Local History

Turangi – An Historical Summary

The Maori of the Lake Taupo region are descendants of those who came to New Zealand on the double-hulled Te Arawa canoe. They settled in the Bay of Plenty on the East Coast and gradually moved inland to investigate the forested heart of the central North Island. These explorers and their descendants became known as the Ngati Tuwharetoa tribe. Maori settled around Taupo Moana – ‘the inland sea’ – from the 16th century. Ngati Tuwharetoa encountered and conquered the inhabitants of the interior and established a new tribal domain. Their sons, in turn, established and marked out the sub-divisions of their territory.

Origin Of The Name “Turangi”

The town of Turangi is located near the head of Lake Taupo alongside the Tongariro River. The town takes its name from the Maori leader, Turangitukua, who was an important figure in the history of the south Lake Taupo area. After many battles, Turangitukua and his followers occupied land near the Tongariro River and he, along with several other Chiefs, assisted the Ngati Tuwharetoa people to become established in the Taupo region.
For some time, Turangitukua was the keeper and guardian of the tribal God Rongomai. His name was adopted as the name of the local sub-tribe, or hapu, of Maori people in the delta region of the Tongariro River. It remains so today and the culture centre of the people of Ngati Turangitukua is the Hirangi Marae in Turangi.

Fishing Village

It was not until the 1830’s that the first Europeans reached the isolated centre of the North Island of New Zealand. They noted there were about 2,000 inhabitants in scattered settlements around Lake Taupo. The largest Maori community close to the Turangi area was located at Tokaanu and consisted of about 300 people. It was not until the turn of the century that Europeans began to settle in Turangi. This followed the introduction of brown and rainbow trout into the lake and rivers of the area in the 1880s and 1890s.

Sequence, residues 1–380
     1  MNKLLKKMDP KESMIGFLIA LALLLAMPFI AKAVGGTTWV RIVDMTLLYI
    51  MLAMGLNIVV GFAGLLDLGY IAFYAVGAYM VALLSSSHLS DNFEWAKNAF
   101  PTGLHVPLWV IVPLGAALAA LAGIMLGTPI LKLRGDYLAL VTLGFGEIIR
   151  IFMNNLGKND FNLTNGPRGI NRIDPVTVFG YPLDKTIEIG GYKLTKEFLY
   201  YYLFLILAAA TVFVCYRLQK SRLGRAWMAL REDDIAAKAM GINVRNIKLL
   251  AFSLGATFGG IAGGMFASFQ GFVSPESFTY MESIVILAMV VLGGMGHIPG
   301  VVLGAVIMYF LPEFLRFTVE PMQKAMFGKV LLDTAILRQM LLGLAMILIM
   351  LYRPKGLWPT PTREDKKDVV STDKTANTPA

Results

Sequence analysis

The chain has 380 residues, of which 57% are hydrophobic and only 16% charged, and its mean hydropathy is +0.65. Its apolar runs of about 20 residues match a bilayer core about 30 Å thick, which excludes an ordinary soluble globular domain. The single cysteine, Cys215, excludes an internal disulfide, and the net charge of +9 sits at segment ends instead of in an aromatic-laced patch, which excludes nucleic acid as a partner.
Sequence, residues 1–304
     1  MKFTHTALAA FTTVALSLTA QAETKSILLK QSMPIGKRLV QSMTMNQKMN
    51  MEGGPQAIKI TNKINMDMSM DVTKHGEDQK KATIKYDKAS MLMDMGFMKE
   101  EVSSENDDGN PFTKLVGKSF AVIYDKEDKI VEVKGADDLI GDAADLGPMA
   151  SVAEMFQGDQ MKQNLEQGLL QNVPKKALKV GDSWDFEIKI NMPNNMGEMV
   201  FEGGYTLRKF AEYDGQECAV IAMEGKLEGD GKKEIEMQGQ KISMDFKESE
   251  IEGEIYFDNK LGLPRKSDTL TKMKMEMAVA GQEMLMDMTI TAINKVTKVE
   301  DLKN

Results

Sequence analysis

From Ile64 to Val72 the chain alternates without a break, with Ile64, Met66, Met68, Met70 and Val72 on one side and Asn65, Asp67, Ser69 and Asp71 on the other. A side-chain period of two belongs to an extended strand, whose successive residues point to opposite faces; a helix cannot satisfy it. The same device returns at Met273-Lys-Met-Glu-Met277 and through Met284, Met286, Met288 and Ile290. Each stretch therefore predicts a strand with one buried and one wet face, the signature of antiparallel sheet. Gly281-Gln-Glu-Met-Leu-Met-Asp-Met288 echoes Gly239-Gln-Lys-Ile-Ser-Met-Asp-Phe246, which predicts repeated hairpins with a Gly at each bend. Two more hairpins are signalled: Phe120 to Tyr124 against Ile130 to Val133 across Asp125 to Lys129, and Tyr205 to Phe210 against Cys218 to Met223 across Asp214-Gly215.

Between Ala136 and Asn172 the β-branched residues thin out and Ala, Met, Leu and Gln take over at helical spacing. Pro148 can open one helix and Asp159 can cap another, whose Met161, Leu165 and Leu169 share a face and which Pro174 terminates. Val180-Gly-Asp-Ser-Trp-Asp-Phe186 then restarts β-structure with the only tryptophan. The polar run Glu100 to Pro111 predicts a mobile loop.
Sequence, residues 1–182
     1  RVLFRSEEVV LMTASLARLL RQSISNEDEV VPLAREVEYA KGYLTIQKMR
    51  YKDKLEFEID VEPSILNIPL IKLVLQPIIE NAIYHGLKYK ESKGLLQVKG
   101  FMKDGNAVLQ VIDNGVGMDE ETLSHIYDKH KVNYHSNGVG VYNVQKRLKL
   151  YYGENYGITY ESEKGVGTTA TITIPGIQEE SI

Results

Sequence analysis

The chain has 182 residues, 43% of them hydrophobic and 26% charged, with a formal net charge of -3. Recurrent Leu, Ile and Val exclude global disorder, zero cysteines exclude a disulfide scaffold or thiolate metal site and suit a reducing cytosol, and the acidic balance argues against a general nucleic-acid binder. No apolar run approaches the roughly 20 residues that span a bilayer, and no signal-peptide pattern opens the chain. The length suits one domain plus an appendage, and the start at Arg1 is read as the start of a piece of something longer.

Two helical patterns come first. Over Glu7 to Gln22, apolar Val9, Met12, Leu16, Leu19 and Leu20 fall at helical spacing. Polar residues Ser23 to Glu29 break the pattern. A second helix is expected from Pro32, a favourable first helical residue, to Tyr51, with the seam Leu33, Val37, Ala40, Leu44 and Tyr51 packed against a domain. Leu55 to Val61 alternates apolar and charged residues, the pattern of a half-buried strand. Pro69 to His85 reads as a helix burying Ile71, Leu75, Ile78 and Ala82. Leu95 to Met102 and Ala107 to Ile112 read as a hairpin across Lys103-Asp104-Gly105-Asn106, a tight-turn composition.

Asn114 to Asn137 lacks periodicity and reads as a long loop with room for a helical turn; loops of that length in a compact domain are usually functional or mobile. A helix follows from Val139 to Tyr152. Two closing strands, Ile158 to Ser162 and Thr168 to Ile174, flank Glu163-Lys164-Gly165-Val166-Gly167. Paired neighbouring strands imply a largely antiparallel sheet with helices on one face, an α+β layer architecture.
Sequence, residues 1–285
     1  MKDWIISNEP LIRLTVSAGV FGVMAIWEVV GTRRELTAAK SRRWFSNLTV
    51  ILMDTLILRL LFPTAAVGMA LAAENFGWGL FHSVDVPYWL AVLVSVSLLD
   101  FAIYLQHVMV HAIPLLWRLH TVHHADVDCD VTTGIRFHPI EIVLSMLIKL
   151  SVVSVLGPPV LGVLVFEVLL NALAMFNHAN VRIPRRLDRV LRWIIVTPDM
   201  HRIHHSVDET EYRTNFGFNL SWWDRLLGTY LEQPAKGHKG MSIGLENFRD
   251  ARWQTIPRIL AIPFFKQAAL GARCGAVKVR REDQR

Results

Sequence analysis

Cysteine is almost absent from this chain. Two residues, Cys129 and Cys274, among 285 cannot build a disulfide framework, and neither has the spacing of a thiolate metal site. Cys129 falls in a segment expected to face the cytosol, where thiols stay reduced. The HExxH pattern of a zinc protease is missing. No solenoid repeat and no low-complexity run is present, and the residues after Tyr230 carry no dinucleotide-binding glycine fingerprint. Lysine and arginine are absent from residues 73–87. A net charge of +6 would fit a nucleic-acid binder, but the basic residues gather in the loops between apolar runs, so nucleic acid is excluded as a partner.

The building of a bridge over the Tongariro River in 1891 and the establishment of a major north – south road link through the heart of the North Island also assisted the growth of a small trout fishing settlement close to the bridge. A few cottages were built on sections nearby and angling camps, with tents and some huts, were built at fishing pools along the lower Tongariro River. In the 1920s only the pools below the road bridge were fished intensively as access was still difficult above the bridge. Most visitors stayed at hotels in Tokaanu until the 1920s when ‘Hatch’s Camp’, later known as ‘Taylor’s Lodge’ was built in Turangi in an area near the river known as Taupahi.
At this stage, the fledgling settlement was called by various names: Tongariro Bridge, Tongariro Junction and Taupahi. However, when a Post Office opened in 1931, local Maori elders named the settlement Turangi, which is an abbreviated form of both the ancestral name Turangitukua and the name of the local hapu.
In the 1920s two prison farms were opened at Rangipo and Hautu because of the isolated nature of the area. The Tongariro River had gained an international reputation for its fishing. Several Crown sections were auctioned in the 1930s to become the nucleus of a small village. The Bridge Lodge was built near the road bridge at Turangi and opened in 1933.
In the 1950s, Turangi was still a sleepy fishing hamlet. By 1960 the population of this essentially rural Maori community had reached 500. Settlements stretched along the riverbank on what is now known as Taupahi Road (formerly the main north – south highway) and along the old State Highway 41 (now called Hirangi Road).

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